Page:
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Gold tailings as a source of waterborne uranium contamination of streams - the Koekemoerspruit (Klerksdorp goldfield, South Africa) as a case study - part II of III: dynamics of groundwater-stream interactions

Frank Winde, Izak Jacobus Van der Walt


Dissolved uranium (U) from the tailings deposits of various gold mines in South Africa has been found to migrate via seepage and groundwater into adjacent streams. The extent of the associated non-point pollution depends on the concentration of U in the groundwater as well as the volume and rate of groundwater seepage into the stream channel. Whilst the U concentration in groundwater is relatively constant and comparatively easy to determine, the same is not true for the flux of groundwater into the stream. In order to track the water exchange at the groundwater-stream interface, real-time in situ measurements by data-logger controlled probes for gauging heights and electrical conductivity (EC) were taken at 10 min intervals. As a result of a steep hydraulic gradient between water-saturated tailings deposits and the receiving watercourse, exfiltration (base-flow) of contaminated groundwater generally dominates. However, short-term inversions of the flow direction (infiltration of stream water into the groundwater) were also observed. These are attributed to an artificial flow regime of the Koekemoerspruit, which results from a pumping scheme that discharges groundwater from underground mine workings into the stream. Differences in pumping rates lead to pronounced diurnal fluctuations of gauging heights in the stream, which in turn cause even higher fluctuations of the associated groundwater table. The hydraulic mechanisms of the stream-groundwater interaction, as well as implications for the aqueous transport of U are discussed.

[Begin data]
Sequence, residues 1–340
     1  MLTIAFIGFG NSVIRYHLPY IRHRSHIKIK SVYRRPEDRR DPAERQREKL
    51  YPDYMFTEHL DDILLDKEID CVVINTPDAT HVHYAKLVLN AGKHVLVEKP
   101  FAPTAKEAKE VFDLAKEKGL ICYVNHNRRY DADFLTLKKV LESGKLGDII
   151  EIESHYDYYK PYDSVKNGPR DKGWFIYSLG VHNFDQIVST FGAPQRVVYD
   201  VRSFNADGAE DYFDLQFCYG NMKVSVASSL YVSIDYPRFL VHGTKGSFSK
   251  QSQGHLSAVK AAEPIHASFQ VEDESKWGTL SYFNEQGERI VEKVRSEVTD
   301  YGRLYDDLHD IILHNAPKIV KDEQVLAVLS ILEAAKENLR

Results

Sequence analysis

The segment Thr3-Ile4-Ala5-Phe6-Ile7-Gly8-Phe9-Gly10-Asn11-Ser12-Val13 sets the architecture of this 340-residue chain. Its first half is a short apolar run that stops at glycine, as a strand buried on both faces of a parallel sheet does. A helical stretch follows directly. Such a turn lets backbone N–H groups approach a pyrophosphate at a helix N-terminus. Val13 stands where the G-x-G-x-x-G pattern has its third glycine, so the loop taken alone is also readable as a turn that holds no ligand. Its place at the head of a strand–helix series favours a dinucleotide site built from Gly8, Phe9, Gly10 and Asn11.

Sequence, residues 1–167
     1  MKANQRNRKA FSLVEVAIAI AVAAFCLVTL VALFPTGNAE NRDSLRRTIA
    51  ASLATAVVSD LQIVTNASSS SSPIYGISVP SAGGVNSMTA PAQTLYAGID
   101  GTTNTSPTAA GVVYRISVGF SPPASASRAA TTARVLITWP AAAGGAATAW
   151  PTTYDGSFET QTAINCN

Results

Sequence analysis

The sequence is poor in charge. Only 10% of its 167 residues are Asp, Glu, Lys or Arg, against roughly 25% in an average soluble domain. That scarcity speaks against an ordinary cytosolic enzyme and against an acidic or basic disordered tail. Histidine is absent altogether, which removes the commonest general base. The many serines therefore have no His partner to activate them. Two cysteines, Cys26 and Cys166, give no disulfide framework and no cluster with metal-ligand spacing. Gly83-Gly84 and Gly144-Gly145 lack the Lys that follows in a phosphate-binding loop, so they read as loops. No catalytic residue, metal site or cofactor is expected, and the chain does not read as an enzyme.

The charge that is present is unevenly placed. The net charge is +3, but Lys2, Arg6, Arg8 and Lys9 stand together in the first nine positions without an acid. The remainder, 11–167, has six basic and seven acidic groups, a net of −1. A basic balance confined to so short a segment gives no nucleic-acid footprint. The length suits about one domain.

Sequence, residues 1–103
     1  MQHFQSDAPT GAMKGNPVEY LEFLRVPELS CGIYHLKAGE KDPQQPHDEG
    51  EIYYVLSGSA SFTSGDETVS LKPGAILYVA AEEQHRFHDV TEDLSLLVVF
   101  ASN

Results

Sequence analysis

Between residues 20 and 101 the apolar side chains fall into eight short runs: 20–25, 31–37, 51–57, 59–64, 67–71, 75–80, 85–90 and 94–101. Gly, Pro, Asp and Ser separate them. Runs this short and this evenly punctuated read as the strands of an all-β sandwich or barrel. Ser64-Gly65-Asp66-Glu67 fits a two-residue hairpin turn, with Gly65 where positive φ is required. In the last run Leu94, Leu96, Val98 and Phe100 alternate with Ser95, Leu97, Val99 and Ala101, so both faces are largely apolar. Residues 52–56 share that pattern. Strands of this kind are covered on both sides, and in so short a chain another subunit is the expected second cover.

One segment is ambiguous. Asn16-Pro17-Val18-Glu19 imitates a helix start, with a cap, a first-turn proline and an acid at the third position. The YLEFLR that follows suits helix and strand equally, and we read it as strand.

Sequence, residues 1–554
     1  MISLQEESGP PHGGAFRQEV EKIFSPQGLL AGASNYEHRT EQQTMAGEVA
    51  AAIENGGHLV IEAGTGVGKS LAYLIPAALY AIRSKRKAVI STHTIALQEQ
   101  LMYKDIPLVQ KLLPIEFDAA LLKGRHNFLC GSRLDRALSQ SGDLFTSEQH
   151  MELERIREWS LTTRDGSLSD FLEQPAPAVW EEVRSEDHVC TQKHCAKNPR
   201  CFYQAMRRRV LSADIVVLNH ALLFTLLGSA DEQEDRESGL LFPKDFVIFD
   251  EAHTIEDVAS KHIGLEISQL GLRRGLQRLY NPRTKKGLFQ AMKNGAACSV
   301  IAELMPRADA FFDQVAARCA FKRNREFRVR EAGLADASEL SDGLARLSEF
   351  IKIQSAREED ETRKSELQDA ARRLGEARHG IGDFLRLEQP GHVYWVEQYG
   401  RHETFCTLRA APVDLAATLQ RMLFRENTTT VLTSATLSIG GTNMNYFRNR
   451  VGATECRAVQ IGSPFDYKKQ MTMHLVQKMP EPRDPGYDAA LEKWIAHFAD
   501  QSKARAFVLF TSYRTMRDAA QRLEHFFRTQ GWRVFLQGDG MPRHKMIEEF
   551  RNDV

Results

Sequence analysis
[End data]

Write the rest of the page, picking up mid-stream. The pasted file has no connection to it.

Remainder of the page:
WaterSA Vol.30 (2) 2004: 227-232
AJOL African Journals Online